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There are a few works that have creatures in them that form some sort of ball out of themselves and then roll around in a much more willfull and directed manner than the rolling at the mercy of gravity kind of rolling that pillbugs and, if I remember correctly, some sort of dune spider is known for who prefers to roll down a dune than walk down it. While creatures rolling themselves up into a more or less round shape is a common occurence, what I want to know is if this sort of directed rolling locomotion is possible for creatures or even a viable way to get around.

My initial suspicions of how it might work is that they have a body-length organ filled with some sort of weight that effortlessly passes from one end of the organ to the other in a repeated controlled fashion like breathing that acts as a way for it to adjust its center of gravity in a way that in its rolled-up state it will begin to roll around but I just don't know if that sort of thing is possible/plausible or if creatures rolling around as if they were bowling balls with a mind of their own will firmly remain in the realm of fantasy.

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    $\begingroup$ Does tumbleweed qualify? $\endgroup$
    – alamar
    Commented Nov 3, 2021 at 19:37
  • $\begingroup$ Well, Moroccan flic-flac spiders should show that it is very much viable in a desert-like environment when you want to move fairly quickly. Taking a better look at those will definitely help you (fun fact, they can actually roll around willing and with a decent level of control, rather than depending on gravity all the time, though their rolling is closer to repeatedly doing front flips). $\endgroup$ Commented Nov 3, 2021 at 22:29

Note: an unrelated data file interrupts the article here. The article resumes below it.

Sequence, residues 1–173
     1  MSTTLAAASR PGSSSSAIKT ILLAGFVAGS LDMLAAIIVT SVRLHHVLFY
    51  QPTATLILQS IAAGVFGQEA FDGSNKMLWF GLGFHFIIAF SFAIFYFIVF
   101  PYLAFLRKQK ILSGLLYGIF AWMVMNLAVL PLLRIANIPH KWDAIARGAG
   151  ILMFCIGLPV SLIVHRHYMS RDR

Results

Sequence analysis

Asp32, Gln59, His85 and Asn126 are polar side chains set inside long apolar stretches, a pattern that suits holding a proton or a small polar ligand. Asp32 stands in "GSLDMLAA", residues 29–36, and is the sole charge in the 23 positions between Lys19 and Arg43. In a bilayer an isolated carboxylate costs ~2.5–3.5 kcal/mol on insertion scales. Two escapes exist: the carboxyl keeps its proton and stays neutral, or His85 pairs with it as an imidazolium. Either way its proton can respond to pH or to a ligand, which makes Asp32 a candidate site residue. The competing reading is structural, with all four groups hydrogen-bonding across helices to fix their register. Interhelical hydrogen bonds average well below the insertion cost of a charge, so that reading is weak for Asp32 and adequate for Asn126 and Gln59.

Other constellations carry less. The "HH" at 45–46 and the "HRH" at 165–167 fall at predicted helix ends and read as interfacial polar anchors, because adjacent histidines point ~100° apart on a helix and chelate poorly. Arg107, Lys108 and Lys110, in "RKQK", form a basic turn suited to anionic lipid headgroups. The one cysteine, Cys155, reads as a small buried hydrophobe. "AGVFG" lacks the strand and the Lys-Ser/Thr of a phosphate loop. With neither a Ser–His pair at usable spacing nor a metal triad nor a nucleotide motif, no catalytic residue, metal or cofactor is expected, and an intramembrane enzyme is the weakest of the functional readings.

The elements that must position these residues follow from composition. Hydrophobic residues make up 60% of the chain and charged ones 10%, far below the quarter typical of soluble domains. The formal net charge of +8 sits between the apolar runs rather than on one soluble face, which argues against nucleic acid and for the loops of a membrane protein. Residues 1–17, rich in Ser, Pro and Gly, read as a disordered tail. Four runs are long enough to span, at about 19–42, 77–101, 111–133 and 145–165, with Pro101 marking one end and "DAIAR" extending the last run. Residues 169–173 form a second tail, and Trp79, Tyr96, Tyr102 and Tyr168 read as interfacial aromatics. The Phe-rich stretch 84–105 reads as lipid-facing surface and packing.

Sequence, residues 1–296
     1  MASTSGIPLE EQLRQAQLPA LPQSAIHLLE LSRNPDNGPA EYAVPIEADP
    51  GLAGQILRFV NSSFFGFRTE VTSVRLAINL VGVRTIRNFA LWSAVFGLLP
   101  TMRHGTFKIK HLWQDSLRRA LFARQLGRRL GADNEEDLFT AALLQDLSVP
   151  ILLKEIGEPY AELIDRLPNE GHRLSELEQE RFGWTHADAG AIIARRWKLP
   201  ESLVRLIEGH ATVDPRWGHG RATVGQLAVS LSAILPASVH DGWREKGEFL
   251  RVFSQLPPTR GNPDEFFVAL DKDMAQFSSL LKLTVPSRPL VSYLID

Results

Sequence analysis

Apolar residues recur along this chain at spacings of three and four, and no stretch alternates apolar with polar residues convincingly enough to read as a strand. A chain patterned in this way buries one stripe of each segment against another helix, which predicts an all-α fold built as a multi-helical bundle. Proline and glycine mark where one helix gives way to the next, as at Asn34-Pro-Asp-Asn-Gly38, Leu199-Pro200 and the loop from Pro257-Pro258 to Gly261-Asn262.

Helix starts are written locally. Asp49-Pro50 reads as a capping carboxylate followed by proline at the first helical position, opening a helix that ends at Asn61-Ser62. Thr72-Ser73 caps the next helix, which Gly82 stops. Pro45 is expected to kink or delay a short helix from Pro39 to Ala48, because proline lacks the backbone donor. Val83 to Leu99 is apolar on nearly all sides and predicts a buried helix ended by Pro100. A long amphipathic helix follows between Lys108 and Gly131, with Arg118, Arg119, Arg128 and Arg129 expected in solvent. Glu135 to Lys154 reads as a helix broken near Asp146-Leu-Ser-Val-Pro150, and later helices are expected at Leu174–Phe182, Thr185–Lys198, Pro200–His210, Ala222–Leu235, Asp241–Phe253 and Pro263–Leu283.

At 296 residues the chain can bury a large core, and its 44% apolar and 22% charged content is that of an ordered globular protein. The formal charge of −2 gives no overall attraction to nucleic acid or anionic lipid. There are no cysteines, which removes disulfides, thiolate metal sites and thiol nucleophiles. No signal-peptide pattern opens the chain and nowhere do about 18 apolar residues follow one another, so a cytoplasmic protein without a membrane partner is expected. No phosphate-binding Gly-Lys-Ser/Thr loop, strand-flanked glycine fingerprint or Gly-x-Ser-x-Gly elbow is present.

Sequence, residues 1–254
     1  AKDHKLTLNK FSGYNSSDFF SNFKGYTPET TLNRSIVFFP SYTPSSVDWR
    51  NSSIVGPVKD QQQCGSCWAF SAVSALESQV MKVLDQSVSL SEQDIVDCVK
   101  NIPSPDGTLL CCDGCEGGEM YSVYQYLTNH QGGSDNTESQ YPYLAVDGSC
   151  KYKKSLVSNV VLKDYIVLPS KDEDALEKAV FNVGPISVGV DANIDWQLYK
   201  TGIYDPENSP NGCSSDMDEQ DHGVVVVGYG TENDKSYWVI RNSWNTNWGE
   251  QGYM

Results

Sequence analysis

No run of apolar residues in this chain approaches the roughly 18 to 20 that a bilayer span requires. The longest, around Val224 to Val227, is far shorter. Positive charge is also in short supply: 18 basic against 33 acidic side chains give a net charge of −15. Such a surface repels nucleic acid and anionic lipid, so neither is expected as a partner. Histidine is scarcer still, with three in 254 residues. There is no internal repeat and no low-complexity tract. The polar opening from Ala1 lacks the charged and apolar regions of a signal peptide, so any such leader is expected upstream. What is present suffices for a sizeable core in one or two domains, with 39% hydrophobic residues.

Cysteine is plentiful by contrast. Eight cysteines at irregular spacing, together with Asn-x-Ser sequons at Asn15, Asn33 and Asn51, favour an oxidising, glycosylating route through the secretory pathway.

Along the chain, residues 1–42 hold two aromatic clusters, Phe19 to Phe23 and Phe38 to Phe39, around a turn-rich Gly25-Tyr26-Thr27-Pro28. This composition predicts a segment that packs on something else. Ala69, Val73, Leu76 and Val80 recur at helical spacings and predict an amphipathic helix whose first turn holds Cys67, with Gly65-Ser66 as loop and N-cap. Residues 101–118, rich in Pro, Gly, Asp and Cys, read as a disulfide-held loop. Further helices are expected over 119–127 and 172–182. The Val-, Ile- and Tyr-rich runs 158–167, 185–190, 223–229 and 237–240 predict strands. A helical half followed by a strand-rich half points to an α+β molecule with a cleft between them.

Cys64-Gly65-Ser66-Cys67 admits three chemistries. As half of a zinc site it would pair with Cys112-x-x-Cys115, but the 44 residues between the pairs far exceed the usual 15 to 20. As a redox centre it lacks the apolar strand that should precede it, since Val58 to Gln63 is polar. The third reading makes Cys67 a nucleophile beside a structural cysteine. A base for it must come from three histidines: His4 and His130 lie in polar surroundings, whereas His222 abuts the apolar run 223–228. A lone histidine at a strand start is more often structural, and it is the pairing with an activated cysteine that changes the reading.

• $\begingroup$ Rubrikon, please explain what you mean by "plausible." Plausible in Real Life? That's an off-topic question. Plausible on your world? Obviously the answer is yes because it's your world. Try to avoid asking things like "is this realistic" or "is this plausible" when what you should really be asking is "How could I make this happen?" (And you'll get better answers, "is this plausible" tends to get more "no, and here's why" answers.) Keep in mind that on a Stack that strives to suspend disbelief, whether or not something is plausible is irrelevant. Cheers. $\endgroup$
    – JBH
    Commented Nov 3, 2021 at 23:52
  • $\begingroup$ Chapter 11 of First Lensman (E.E "Doc" Smith, 1950) includes a description of the Zabriskan Fontema, a small rolling creature so amazingly unintelligent that it's used as an exemplar for the rest of the book series. $\endgroup$
    – user535733
    Commented Nov 4, 2021 at 2:36

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While it certainly is possible to roll, as many creatures do, there are some things you sacrifice while rolling. These issues are major strikes against the likelihood of a mostly rolling creature.